By Tyler Vanice
Chair of the George Washington Birthday Celebration Committee

The George Washington Birthday Celebration Committee is about to be in full swing as winter draws near. I wanted to inform everyone that we are being more aggressive this year in our approach to events in a most paradoxical way; by being more civil. Civility is our theme this year. We have not tried using a theme before and we are going to experiment with this idea. 

George Washington’s many virtues have inspired countless people throughout the world and many of us regard him as a true exemplar. It might have helped that he had written out by hand, 110 Rules of Civility and Decent Behavior In Company and Conversation when he was about sixteen years of age. They are based on a set of maxims originally compiled by French Jesuits in the 1590s that was eventually translated into English by Francis Hawkins, who was twelve years old at the time, as he copied them from French to English around 1640. Washington copied sections from Hawkin’s book Youth’s Behavior, Or, Decencie in Conversation Among Men, which was published in 1661, sometime about 1748. It’s believed that Washington wrote these rules to practice penmanship as it was common during the period. This practice very well could have had a lasting impression on this young man as he went on through life.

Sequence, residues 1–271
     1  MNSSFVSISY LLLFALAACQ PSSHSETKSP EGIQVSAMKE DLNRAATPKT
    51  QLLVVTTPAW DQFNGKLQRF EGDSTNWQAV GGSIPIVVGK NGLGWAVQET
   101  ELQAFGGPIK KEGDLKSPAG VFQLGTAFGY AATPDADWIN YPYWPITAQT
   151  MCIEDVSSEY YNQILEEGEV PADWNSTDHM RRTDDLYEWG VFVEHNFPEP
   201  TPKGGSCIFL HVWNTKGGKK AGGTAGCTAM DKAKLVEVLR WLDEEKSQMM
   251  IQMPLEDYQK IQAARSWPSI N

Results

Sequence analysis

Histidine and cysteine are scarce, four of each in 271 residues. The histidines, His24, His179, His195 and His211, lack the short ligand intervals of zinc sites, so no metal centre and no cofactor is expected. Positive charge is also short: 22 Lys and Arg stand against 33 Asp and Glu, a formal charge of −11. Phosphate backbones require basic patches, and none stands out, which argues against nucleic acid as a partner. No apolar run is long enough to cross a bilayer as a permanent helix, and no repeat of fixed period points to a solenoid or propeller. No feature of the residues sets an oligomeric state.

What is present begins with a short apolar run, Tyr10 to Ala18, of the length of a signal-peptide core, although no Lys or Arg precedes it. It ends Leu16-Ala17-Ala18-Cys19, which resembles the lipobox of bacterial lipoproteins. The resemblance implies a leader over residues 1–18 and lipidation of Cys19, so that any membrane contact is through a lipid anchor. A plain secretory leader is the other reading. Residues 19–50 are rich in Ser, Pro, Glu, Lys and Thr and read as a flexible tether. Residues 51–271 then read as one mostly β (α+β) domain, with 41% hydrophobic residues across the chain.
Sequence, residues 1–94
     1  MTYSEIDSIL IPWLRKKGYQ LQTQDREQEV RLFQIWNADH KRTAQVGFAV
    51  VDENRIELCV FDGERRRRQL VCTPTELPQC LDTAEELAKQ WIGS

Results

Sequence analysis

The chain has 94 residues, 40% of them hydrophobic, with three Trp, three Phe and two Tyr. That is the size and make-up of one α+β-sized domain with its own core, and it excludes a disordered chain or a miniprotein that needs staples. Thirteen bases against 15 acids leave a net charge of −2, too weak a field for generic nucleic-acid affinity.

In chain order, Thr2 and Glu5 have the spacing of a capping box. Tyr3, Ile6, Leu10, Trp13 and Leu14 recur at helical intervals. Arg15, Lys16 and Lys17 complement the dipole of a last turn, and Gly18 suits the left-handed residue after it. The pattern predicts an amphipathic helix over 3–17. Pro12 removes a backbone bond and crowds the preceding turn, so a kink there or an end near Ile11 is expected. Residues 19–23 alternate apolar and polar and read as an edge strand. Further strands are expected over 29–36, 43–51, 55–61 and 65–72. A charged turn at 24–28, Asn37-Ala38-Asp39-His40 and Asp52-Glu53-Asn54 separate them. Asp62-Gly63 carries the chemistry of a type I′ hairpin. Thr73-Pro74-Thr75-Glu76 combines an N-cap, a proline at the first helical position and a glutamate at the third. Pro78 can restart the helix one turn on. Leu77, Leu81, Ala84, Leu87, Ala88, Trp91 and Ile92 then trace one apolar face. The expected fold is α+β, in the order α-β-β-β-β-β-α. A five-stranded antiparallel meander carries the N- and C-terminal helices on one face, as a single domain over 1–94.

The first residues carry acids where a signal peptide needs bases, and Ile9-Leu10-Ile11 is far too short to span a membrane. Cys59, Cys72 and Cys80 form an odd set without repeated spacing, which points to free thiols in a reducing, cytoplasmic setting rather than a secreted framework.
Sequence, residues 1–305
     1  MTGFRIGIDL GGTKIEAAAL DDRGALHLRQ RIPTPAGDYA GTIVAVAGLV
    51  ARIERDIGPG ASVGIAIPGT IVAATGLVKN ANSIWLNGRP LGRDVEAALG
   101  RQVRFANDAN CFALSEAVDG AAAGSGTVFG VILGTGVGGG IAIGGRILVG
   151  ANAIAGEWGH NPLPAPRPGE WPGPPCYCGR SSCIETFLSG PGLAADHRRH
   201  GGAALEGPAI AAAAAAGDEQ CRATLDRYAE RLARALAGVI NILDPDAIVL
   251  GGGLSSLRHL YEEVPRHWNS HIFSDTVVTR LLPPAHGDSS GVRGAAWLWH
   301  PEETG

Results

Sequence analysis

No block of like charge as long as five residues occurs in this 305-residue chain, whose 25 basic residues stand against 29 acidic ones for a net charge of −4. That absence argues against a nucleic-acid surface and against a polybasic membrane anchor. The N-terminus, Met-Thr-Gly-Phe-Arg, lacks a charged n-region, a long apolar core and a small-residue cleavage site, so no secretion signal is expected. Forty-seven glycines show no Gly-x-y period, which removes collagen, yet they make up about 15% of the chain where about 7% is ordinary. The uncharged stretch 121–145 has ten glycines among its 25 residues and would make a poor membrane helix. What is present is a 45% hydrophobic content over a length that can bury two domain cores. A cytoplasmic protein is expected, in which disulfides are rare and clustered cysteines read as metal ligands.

While some of these maxims may be outdated and seem silly, many them still reflect deeply to our society today even after two centuries from when Washington copied them. Many of the rules focus on how we should treat other people and less on own self-interests. As a society, we should always strive to be polite and courteous in our daily endeavors, much like Washington personified. While the words may be outdated, the meaning behind them are values we still hold dear.

The best way to show civility is by example. We hope you will attend some of the GWBCC-sponsored events throughout this year and will not only learn about Washington and his influence within Alexandria but can also take away some meaning that General Washington learned and preached many centuries ago.

We hope to see you attend our events this seasonal year. We would greatly appreciate feedback on your experiences with our events, whether it be a tour, the Cherry Challenge, the Parade, or one of our other many events. Find us on Facebook, BUT REMEMBER, be civil!

Tyler Vanice
Chair

To link to the original scans of the “Rules of Civility,” click here.